Owners report a pleasing, relaxing, and comfortable ride; adequate cabin and trunk space; good build quality; good mileage; plenty of confidence in inclement weather; and smooth, predictable operation from the adaptive cruise control system.
Affordable family sedans with standard all-wheel drive (AWD) are hard to come by – though Subaru’s 2015–2019 Legacy is a solid choice in the segment for shoppers after that just.
Launched in 2014 for the following model year, this generation of Subaru’s high-traction sedan is coming to a close as the all-new 2020 model readies for launch.
Look for feature content including a back-up camera, navigation, premium audio, multimedia connectivity, Bluetooth, and a sunroof. Higher-end models got heated leather and a punchier stereo.
Subaru’s high-tech EyeSight safety system was available, too – and included a networked array of advanced functions, including adaptive cruise control, lane-departure alert, collision alert, and more.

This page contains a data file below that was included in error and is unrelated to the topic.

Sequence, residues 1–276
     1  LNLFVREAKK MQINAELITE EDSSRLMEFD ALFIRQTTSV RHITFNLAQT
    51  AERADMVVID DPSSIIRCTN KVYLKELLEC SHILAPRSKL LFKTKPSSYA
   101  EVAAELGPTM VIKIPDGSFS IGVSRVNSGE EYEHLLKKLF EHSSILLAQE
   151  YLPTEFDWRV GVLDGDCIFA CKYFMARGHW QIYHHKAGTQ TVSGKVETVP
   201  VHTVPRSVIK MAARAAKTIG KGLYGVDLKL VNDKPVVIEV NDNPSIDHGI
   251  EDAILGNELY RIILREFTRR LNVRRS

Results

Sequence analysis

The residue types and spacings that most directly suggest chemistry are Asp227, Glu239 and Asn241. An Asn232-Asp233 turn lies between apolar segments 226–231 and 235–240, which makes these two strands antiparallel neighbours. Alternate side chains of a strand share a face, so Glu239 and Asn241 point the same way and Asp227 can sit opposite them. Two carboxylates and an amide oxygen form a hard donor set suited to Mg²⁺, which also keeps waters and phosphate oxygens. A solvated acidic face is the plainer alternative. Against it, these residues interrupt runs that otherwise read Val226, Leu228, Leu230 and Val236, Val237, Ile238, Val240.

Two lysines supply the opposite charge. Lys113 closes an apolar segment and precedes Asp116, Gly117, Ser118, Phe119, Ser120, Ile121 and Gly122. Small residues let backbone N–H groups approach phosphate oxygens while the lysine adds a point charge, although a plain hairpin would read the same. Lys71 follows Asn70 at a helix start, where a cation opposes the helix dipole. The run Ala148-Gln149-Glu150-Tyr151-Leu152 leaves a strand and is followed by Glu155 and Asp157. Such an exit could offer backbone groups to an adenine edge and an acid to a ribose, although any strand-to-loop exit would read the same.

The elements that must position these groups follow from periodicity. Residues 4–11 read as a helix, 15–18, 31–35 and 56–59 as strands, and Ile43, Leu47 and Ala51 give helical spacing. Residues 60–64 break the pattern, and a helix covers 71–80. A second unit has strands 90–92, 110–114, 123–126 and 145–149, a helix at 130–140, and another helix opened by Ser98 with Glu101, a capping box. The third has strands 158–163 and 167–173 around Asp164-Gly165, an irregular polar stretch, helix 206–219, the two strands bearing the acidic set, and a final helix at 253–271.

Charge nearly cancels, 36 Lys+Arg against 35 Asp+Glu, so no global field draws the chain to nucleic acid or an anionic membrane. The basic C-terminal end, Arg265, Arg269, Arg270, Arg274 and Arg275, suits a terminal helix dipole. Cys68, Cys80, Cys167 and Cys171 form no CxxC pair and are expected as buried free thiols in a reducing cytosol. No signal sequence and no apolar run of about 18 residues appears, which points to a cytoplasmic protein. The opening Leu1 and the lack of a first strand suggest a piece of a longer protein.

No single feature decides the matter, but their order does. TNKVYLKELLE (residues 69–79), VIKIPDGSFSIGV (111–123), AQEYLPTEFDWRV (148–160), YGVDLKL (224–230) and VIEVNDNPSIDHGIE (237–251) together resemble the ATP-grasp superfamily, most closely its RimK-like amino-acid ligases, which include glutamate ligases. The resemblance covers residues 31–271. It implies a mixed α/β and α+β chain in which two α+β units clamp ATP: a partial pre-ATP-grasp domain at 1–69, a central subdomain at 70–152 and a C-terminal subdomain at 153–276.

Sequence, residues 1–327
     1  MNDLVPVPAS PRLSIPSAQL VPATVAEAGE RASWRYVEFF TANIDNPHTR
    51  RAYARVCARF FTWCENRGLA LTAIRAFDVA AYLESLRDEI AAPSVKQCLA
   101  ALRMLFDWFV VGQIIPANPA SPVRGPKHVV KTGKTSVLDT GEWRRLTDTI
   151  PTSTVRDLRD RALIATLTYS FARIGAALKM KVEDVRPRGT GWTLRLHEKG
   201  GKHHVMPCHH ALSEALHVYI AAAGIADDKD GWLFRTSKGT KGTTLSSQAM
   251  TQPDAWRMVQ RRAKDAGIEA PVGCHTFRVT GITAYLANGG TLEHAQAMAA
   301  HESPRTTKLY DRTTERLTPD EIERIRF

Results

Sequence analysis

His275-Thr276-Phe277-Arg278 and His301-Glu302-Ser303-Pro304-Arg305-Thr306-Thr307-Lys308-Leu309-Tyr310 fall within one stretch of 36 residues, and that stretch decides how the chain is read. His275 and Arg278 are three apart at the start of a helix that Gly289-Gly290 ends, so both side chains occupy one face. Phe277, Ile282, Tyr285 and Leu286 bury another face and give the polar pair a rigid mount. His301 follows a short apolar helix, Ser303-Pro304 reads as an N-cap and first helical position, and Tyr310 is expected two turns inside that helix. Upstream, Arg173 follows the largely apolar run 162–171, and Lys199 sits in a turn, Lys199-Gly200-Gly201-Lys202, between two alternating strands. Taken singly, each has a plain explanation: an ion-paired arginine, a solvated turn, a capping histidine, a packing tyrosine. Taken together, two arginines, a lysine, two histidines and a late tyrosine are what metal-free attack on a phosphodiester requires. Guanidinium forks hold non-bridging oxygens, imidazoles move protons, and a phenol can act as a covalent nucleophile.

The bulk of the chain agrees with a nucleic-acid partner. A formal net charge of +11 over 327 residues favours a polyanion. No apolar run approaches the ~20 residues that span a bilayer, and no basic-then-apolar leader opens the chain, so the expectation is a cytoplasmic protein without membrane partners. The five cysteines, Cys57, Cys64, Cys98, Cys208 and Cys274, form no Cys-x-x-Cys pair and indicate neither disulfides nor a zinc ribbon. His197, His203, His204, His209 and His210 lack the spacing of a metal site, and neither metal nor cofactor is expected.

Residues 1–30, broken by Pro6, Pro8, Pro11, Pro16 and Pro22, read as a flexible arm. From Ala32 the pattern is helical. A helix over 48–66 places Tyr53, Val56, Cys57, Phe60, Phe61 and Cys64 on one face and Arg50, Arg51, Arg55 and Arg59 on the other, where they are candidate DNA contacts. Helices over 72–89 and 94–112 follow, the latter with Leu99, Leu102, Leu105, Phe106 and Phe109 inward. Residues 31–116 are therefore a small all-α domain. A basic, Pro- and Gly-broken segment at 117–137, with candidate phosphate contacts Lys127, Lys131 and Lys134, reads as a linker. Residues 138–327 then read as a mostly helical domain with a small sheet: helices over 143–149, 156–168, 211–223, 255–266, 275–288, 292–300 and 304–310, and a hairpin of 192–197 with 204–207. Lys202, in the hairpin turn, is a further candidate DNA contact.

Shoppers new to the Legacy can expect respectable fuel mileage from four-cylinder models, as well as driving dynamics that support comfortable and laid-back cruising, regardless of the weather.
A used Legacy might make a compelling alternative for a shopper after AWD confidence, but who prefers to drive a sedan, not a crossover. Since Legacy offers AWD as standard, regardless of configuration or trim grade, the shopping process may be easier for shoppers determined to get into an AWD sedan.
Key competitors for your used-car dollars may include AWD-equipped variants of the Buick Regal, Buick Lacrosse, and Ford Fusion.
Most used Legacy models will run the brand’s bread-and-butter 2.5-litre four-cylinder Boxer engine, with about 175 horsepower. Various improvements to the driveline for this generation help improve fuel mileage over earlier four-cylinder units.
Available in the top-line Legacy 3.6R was a 3.6-litre flat-six engine, with 256 horsepower.